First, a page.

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One of the hallmarks of the inbound marketing methodology is blogging. The idea behind it is simple: if you regularly publish relevant content that your audience is seeking, they will find you—and hopefully fall in love. (Or at least ask to go steady.)

But here's the thing. Having people show up on your blog isn't enough. Sure, it's great if they land on your awesome post and read it. But then what? How do you convert this blog reader into a bona fide lead so that you can continue to nurture him or her?

While there isn't a magic formula for lead conversion, there are some things you can do to your blog that will better your chances. Here are nine best practices we swear by…

1. Make sure you deliver a blog that your audience actually wants.

Too often, we see companies embrace the "we must blog" mantra, but falter afterwards. Why? Usually, it's because they haven't thought through the point of having a blog in the first place.

Sure, your goal is to turn blog readers into leads. But what's in it for the blog readers, a.k.a. your potential customers? Are you going to offer quick-hitting video tutorials about relevant subject matter or more in-depth articles with lots of research and sources? Perhaps a combination? Why? That last question is critical and harkens back to understanding your different buyer personas. Make sure you understand the information your potential customers are craving and deliver blog content accordingly.

Why this matters for lead conversion: Your audience is looking for something specific. If they don't find what they're looking for on your blog, they will leave (and likely end up on a competitor's site).

2. Make sure you have a well thought out editorial calendar.

This advice complements our previous point. Once you understand the type of content your audience wants, put together an editorial calendar that outlines the following:

  • Optimized blog headline
  • Keyword focus
  • Persona
  • Writer
  • Due date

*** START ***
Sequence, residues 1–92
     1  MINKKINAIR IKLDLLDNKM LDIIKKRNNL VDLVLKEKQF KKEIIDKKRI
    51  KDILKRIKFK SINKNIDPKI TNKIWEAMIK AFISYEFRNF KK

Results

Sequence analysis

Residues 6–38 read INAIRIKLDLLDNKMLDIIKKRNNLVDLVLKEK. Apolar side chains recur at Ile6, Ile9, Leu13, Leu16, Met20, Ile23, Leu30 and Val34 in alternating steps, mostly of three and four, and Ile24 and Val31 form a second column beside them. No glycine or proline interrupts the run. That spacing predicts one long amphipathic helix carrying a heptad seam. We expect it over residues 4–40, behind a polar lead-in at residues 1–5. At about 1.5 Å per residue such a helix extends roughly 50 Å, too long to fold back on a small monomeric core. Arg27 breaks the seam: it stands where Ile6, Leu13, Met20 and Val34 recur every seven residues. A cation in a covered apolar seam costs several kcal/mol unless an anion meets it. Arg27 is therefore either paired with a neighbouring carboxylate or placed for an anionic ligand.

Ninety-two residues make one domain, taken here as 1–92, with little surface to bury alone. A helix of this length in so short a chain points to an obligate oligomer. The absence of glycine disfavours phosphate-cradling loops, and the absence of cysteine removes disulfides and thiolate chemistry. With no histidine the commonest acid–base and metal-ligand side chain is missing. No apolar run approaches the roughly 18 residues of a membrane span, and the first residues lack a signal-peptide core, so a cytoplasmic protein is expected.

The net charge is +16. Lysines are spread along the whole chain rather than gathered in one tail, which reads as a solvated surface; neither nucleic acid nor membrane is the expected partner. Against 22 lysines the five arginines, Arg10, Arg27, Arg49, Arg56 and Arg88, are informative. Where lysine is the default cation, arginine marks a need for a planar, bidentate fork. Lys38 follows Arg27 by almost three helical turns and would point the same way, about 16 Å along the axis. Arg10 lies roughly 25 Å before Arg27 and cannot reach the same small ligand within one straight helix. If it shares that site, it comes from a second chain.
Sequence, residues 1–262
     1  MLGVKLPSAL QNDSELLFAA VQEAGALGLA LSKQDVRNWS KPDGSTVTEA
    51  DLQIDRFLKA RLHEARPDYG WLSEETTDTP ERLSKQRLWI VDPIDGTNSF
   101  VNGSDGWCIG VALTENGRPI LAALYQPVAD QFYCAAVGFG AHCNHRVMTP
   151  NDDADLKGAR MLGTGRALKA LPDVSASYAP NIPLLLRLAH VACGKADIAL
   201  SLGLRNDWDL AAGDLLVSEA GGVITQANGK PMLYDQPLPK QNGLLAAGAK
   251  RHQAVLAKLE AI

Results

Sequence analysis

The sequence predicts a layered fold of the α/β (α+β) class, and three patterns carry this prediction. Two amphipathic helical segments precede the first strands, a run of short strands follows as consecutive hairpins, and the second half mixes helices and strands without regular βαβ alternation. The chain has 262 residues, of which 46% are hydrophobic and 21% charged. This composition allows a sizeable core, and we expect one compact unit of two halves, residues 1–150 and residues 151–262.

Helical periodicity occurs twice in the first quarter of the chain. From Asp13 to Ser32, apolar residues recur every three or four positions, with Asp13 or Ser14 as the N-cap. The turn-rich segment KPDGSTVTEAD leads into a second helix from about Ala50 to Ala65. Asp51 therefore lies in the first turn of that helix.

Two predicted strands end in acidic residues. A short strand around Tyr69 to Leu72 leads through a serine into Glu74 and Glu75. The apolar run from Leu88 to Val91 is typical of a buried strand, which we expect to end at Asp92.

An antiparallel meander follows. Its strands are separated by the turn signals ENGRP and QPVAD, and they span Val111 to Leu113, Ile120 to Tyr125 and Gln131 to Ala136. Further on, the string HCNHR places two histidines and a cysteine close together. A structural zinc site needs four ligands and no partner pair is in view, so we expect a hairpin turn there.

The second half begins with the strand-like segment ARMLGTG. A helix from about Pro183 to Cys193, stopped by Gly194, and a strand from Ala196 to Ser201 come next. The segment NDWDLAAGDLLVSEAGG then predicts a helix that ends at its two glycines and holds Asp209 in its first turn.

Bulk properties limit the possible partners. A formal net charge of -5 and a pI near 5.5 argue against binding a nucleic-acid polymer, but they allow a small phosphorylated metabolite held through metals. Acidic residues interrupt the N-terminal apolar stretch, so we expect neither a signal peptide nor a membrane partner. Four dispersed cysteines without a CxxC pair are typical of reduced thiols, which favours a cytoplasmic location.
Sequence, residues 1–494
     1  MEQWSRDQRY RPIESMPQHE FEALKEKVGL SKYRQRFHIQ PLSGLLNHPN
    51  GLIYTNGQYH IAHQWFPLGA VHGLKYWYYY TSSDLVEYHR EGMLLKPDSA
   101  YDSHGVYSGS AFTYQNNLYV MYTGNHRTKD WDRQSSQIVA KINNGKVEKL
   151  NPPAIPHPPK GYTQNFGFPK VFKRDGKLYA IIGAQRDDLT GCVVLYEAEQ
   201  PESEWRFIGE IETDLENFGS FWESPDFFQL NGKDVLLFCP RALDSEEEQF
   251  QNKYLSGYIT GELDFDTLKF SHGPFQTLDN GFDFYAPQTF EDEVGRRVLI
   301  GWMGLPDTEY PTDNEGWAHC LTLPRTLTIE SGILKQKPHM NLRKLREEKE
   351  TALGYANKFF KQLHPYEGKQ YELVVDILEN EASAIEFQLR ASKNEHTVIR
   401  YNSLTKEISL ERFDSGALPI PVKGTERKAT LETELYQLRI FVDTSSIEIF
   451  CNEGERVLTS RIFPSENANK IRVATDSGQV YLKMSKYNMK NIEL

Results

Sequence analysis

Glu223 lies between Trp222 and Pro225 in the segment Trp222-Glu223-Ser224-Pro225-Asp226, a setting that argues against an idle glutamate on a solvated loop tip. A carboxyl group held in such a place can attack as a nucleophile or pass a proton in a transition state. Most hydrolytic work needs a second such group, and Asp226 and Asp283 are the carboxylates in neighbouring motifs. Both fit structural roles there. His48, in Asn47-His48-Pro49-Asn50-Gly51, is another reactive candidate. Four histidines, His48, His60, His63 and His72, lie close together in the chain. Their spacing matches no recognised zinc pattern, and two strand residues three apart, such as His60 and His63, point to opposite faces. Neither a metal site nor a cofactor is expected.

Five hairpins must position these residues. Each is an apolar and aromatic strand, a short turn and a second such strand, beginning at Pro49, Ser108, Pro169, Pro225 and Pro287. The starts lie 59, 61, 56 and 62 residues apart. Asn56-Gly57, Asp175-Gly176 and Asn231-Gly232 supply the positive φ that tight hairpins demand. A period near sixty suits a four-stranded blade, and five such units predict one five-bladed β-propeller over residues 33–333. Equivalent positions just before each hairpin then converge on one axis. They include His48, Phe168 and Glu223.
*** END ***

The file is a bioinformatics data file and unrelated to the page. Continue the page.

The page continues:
You can certainly add more detail to your calendar if you like (I usually write a lead paragraph to go along with each headline so that the client understands the gist of the topic I'm proposing), but the items above are the must-haves (and will help you and your team stay on track).

We recommend developing a three-month calendar to start. As for how often you blog, the key is to be realistic—and consistent. Once a week, two times a month, every other week—figure out what you and your team can commit to, knowing you can always adjust as you go along.

Why this matters for lead conversion: Nothing dooms a blog faster than a lack of focus and content itself. An editorial calendar allows you to rein in all the great ideas—and optimize them for your audience—while providing deadlines.

3. Give your blog a name and provide an "about" blurb.

So many blogs overlook this simple branding initiative. Give your blog a memorable name, one that (ideally) communicates what your blog is about. Speaking of "about," make sure you provide a blurb that explains what people can expect from your blog.

Below is an example from one of our clients, Hebert Design/Build. On the left, you'll see the name of the blog: The Build Up. On the right, you'll see the About blurb.

Blogging Tips: Lead Conversion Best Practices (Hebert Design/Build Example)

Why this matters for lead conversion: Anything that can immediately help orient a site visitor is a good thing. If the site visitor sees the name of your blog, and it resonates, they'll know they're in the right place.

4. Don't call it a blog.

Not everyone knows what a blog really is. Some people are turned off by the word "blog." And, of course, "blog" has become such a ubiquitous phrase—one that smacks of marketing jargon—that some could argue has lost its meaning. There's no rule saying you have to call it a blog. In the Hebert Design/Build web navigation, we have "Tips and Tricks"—that's the blog.